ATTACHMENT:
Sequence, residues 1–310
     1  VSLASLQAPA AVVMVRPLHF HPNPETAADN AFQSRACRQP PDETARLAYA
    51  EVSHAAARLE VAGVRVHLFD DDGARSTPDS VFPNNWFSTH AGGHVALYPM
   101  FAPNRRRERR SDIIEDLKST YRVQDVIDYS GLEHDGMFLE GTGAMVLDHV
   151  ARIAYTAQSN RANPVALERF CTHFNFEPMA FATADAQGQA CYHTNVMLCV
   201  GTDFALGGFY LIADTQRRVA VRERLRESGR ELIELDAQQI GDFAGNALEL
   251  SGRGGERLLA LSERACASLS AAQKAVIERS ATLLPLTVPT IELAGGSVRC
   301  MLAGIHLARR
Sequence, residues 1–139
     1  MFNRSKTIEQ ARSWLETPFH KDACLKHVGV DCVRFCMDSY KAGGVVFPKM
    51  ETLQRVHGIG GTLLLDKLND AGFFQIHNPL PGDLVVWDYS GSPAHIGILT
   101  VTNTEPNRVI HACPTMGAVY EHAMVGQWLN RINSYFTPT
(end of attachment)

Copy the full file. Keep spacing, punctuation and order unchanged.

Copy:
Sequence, residues 1–310
     1  VSLASLQAPA AVVMVRPLHF HPNPETAADN AFQSRACRQP PDETARLAYA
    51  EVSHAAARLE VAGVRVHLFD DDGARSTPDS VFPNNWFSTH AGGHVALYPM
   101  FAPNRRRERR SDIIEDLKST YRVQDVIDYS GLEHDGMFLE GTGAMVLDHV
   151  ARIAYTAQSN RANPVALERF CTHFNFEPMA FATADAQGQA CYHTNVMLCV
   201  GTDFALGGFY LIADTQRRVA VRERLRESGR ELIELDAQQI GDFAGNALEL
   251  SGRGGERLLA LSERACASLS AAQKAVIERS ATLLPLTVPT IELAGGSVRC
   301  MLAGIHLARR
Sequence, residues 1–139
     1  MFNRSKTIEQ ARSWLETPFH KDACLKHVGV DCVRFCMDSY KAGGVVFPKM
    51  ETLQRVHGIG GTLLLDKLND AGFFQIHNPL PGDLVVWDYS GSPAHIGILT
   101  VTNTEPNRVI HACPTMGAVY EHAMVGQWLN RINSYFTPT